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First preference poll

The results are in!

I have tabulated the ballots that you marked in class on Tuesday, February 21.

The table below lists the parties in increasing order of their totals. The Classic Party is at the top of the list. Does that mean its platform is most popular? Or the least offensive?

Each #1 vote was worth 1 point. Each #2 vote was worth 2 points. Each #3 vote was worth three points. The lowest point total was the winner.

This page also practices the unit of discourse I keep emphasizing. The main assertion or claim is in boldfaced text in the previous paragraph. The table below is the evidence that supports that assertion. Below the table is the explanation, a discussion of how the evidence relates to the main assertion.

Now that you know about the unit of discourse, you’ll begin seeing it everywhere.


Party123total
Classic77227
E76328
Equitable76328
LEAP100628
Chance59229
Justice For People74530
People74530
Realitic57431
Public Health64632
Rainbow56532
Free Robin55633
Say No More39433
Social Justice55633
Cashonomic38534
Freedom Ringers54734
Independence46634
Lefty43937
United Voice of the People27737
Human Issues34938
Prosperità Umana26838
Parry331039
Future First241040
People Over Everything321140
Right16940
Freedom151041
Unnamed 1121344
Unnamed 2111445
Unnamed 3111445
Unnamed 4101546

The voters marked the ballots either with a 1, 2, 3, or with a system that I could convert to 1, 2, 3. There were 16 valid ballots and 6 ballots that were cast but were blank or incomplete. Of the eligible voters, 7 did not cast votes all. That makes a voter turnout of 55%, which is close to the U.S. average but well under that of other countries, including all of the full democracies on the Economist’s Democracy Index.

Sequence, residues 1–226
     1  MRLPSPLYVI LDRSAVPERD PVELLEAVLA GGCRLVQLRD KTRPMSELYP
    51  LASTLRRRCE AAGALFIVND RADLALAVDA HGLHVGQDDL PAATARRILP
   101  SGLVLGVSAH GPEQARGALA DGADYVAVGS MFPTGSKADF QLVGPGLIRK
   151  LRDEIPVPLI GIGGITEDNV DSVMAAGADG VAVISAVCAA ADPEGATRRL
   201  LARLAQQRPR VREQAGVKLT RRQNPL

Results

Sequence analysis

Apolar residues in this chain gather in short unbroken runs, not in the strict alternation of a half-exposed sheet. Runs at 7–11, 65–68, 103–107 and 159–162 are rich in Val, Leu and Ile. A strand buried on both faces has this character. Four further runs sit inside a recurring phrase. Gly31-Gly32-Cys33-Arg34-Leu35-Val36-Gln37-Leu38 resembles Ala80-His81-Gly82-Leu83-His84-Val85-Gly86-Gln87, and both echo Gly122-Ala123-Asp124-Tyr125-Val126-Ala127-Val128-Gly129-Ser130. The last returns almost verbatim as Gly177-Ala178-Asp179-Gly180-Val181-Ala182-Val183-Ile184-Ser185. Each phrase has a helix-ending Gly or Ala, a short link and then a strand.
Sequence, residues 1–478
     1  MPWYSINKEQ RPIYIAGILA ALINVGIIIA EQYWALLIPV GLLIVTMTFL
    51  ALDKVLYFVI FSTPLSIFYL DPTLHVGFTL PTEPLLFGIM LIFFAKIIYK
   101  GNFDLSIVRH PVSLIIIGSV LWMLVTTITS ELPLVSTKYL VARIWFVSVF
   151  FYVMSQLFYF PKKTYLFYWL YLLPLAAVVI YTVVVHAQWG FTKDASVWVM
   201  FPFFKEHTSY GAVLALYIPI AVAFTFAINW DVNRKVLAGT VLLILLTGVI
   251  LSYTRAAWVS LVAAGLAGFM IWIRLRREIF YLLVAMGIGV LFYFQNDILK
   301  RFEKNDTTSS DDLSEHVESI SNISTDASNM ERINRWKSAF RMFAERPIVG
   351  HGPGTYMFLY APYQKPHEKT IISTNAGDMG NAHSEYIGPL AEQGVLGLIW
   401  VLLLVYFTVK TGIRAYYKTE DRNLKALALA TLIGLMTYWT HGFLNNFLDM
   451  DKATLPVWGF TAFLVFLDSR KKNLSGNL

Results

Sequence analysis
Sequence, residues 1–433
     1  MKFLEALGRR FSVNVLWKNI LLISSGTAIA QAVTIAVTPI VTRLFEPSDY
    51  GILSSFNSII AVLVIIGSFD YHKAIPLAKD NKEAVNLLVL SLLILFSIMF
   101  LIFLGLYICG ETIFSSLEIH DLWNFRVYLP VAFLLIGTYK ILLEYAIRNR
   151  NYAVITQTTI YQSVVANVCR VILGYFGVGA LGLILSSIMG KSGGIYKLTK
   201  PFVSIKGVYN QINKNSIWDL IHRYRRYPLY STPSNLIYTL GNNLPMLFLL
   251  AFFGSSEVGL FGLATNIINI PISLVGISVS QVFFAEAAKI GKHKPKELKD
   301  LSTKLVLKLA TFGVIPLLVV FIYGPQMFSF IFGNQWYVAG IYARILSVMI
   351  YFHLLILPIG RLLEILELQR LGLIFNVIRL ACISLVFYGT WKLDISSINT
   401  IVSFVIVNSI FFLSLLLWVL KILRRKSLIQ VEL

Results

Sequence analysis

I asked for a roughly equal portioning. Sixteen valid ballots times 25 parties is 400 votes, about 132 each. However, 40% of the votes were #3, not counting the 4 unnamed parties.

  • 112 votes for #1
  • 130 votes for #2
  • 158 votes for #3

The lowest score possible would be 16, which would occur if everyone marked that party a 1.

The highest possible score would be 48, which would occur if everyone marked that party a 3.

Using the system of 1 point for a #1 vote, etc., the scores of the 25 named parties range from 27 to 41.

Of special importance is how many 2’s a party got. They are the persuadable voters who should be the primary audience for that party’s position papers. The parties who got the most 3’s should also look carefully at their positions to see what might have been so many voters’ deal breaker.

The difference between the Classic, E, and Equitable is fewer #3 voters. What about the difference between Classic and LEAP, which got three more #1 votes that Classic? Ah, LEAP’s six #3 voters. Assuming that the problem wasn’t LEAP’s anti-pet abuse position, then something about climate change and environment are turning off voters. Classic’s positions on minimum wage, education, and women’s rights are popular, especially when the female voters outnumber the male voters by a ratio of 2 to 1. It seems that Classic’s success was due both to the positions it takes as well as avoiding LEAP’s climate/environment turn-off.

To what extent is your party willing to adapt its positions to try to appeal to the party’s 2 and 3 voters?